Gluten-Free Macarons: Strawberry Lemonade

These scrumptious gluten-free macarons deliver a refreshing taste of summer. With the sun shining and flowers blooming, it’s a lovely time
to try your hand at baking this classic French treat.


  • 145g almond flour
  • 110g confectioners' sugar
  • 3 tablespoons freeze-dried strawberry powder (about ½ cup before crushing)
  • 115g egg whites at room temperature
  • 130g granulated sugar
  • ⅛ teaspoon burgundy gel food coloring (optional)
  • Sprinkles (optional)
  • Strawberry Buttercream (recipe below)
  • Lemon Curd (recipe below)
  • ½ cup softened butter
  • 2 cups confectioners' sugar
  • 2½ tablespoons freeze-dried strawberries
  • 1-3 tablespoons heavy cream (for texture)
  • ½ cup granulated sugar
  • 2 tablespoons cornstarch
  • ¼ cup water
  • ½ cup lemon juice (from about 1-2 lemons)
  • 2 egg yolks
  • 2 tablespoons butter
  • 1½ teaspoons lemon zest


Strawberry Buttercream

In a bowl of a stand mixer with the whisk attachment, whip butter until light and creamy.

Gradually add confectioners’ sugar and continue beating until combined.

Crush freeze-dried strawberries in a zip-top storage bag with a rolling pin, then blend into frosting.

Slowly add heavy cream until you reach desired texture. Use immediately or refrigerate for up to a week.

If using for macaron filling, scoop into a piping bag with a 1A tip.

Lemon Curd

In a medium saucepan, stir together sugar, cornstarch and water. Turn the heat to medium-low and gradually add in lemon juice and egg yolks. Constantly stir until thickened. It will thicken somewhat suddenly; remove from heat immediately.

Stir in butter and lemon zest. Refrigerate for at least 20 minutes.

If using for macaron filling, scoop lemon curd into a piping bag with a 1A tip.


Place almond flour, confectioners’ sugar and freeze-dried strawberry powder in food processor and pulse until very fine. Sift twice, then set aside. Prepare a baking sheet lined with a Silpat or parchment paper (I think parchment works best).

In a stand mixer with the whisk attachment, beat egg whites on medium speed until foamy. Increase speed to medium-high and gradually add in granulated sugar. Add food coloring if using, increase speed to high and whip until egg whites form stiff, glossy peaks when you lift the whisk, about 3 more minutes. Egg whites shouldn’t move when bowl is tilted.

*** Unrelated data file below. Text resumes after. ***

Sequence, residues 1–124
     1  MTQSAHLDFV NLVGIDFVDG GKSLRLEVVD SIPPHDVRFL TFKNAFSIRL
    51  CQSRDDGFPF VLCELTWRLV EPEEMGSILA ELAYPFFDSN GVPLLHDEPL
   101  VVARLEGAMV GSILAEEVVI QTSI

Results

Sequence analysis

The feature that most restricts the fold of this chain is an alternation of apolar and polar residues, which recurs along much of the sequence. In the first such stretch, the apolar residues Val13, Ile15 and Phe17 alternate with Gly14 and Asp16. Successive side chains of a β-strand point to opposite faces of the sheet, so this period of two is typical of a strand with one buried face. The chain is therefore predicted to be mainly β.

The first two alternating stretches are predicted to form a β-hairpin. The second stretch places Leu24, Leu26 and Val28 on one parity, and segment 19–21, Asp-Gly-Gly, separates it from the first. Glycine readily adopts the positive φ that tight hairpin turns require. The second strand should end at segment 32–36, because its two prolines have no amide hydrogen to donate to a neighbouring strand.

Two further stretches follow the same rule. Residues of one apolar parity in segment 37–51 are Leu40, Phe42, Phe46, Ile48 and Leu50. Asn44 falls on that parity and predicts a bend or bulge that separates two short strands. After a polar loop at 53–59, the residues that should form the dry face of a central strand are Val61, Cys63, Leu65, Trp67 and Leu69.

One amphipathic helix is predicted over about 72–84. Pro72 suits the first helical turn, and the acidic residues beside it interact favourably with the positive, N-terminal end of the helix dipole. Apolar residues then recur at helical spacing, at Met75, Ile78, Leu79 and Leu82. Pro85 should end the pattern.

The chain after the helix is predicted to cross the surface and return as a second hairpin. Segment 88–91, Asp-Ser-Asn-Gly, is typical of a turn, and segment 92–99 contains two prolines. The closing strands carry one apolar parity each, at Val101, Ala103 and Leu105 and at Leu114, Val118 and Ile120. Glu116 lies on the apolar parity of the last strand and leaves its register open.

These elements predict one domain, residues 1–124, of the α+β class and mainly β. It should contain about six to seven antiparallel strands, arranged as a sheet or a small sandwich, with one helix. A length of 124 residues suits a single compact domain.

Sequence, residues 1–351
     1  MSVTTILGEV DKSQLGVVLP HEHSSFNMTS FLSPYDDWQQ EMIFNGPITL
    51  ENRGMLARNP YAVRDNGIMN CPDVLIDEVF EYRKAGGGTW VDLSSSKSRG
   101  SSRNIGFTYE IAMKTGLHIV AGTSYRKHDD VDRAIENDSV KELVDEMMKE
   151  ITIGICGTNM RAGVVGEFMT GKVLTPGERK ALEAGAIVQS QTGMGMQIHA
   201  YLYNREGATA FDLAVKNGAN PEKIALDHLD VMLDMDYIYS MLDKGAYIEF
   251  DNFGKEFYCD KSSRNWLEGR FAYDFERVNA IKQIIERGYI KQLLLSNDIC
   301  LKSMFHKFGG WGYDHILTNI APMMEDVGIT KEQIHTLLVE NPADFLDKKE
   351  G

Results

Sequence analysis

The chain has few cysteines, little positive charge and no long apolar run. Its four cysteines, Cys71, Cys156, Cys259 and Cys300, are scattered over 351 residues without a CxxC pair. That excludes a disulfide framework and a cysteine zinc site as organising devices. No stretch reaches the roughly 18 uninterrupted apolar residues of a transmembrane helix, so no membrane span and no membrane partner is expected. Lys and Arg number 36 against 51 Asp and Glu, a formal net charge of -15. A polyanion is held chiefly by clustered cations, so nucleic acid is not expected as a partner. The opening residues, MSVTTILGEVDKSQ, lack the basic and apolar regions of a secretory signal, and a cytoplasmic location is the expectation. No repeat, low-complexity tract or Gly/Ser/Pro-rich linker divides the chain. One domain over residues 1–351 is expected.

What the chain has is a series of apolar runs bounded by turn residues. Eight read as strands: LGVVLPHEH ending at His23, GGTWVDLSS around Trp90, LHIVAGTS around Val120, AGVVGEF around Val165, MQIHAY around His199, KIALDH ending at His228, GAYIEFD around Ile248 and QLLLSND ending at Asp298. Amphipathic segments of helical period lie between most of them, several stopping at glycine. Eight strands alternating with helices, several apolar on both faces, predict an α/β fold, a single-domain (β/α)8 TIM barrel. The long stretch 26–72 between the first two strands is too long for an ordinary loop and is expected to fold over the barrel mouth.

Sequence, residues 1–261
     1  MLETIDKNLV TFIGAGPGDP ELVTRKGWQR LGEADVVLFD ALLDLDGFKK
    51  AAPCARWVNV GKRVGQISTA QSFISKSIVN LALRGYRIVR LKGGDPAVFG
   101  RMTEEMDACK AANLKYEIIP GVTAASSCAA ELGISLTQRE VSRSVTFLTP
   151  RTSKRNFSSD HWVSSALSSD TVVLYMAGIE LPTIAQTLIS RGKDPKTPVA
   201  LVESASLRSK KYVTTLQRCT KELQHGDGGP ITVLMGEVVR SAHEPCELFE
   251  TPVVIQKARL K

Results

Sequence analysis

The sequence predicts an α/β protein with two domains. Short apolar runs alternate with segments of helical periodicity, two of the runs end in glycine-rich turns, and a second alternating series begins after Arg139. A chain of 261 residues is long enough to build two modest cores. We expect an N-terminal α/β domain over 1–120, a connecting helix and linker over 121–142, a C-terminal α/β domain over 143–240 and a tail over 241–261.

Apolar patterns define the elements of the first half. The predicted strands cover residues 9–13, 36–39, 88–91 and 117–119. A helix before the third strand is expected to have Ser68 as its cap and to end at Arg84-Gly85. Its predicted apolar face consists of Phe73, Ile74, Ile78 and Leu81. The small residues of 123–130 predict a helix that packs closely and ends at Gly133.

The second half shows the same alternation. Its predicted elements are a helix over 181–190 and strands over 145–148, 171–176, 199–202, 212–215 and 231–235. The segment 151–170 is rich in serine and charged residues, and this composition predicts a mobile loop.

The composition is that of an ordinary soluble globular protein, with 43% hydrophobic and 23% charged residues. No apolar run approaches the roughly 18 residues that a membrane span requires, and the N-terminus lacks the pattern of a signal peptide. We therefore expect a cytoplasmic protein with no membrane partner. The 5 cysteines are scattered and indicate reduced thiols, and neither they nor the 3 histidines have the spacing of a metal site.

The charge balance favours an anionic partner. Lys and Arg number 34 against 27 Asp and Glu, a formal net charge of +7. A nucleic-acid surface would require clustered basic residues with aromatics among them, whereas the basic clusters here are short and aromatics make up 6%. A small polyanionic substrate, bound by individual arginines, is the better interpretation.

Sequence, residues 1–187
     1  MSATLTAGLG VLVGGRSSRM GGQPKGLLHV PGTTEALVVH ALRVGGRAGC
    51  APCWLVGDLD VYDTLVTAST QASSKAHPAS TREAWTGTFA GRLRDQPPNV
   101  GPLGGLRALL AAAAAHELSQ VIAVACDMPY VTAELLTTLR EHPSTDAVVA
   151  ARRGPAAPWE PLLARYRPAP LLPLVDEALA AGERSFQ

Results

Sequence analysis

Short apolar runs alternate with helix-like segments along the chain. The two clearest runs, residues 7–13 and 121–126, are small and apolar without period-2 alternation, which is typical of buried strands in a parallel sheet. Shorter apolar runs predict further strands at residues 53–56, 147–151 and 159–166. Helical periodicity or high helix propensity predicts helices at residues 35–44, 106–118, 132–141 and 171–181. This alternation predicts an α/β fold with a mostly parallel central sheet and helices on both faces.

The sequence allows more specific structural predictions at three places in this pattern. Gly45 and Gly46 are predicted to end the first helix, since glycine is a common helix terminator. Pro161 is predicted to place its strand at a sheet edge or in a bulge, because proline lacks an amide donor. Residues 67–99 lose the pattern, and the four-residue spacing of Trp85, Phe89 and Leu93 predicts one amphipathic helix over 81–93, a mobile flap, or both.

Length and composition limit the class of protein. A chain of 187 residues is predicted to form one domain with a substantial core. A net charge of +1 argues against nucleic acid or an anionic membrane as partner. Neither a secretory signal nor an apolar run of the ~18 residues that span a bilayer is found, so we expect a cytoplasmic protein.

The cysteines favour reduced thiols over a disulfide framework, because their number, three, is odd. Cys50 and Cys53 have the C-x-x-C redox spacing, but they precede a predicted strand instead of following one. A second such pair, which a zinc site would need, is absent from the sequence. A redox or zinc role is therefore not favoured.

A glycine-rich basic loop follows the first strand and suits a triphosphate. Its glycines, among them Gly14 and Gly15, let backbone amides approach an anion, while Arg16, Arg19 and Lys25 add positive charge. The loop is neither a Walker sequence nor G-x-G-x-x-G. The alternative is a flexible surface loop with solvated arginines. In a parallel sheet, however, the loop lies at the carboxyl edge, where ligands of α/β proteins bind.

Pour the twice-sifted dry ingredients on top of the egg white mixture and gently fold together with a silicone spatula until combined. This step is crucial to the texture of the finished macarons.

TIP: Every few folds, drop a small amount from the spatula. If the mixture settles into the rest of the bowl within about 15 seconds, it is ready. If not, fold a few more times.

Place into a pastry bag with a circular tip (such as Wilton 1A) and pipe evenly sized circles, about 1½ inches in diameter. The circles should spread, but only slightly.

TIP: Bang the pan on the countertop a few times to release air bubbles. This will prevent the macarons from cracking in the oven. Set aside pan in a safe place for 45 minutes to an hour, depending on the humidity of the room. You want the tops to dry out so the batter doesn’t stick to your finger when touched.

If you plan to use sprinkles, now is the time to gently apply them to the tops of the dried macarons before baking.

After they are dried, preheat the oven to 300° F. Bake for 12-20 minutes, checking to make sure that the macarons peel off the pan fairly easily and rise to form a small layer (called “feet”) on the bottoms. If the bottoms stick, continue baking.

Cool completely, then flip half the shells over and fill with Strawberry Buttercream and Lemon Curd. TIP: For best results, pipe a circle of buttercream along the edge of the cookie, then add a small amount of Lemon Curd in the center before topping with a second cookie.

Angela Sackett is a photographer at Legacy Seven Studios and writer at and, where she shares recipes and hospitality tips. She and her 16-year-old daughter, Anna, join together for photography and other creative projects.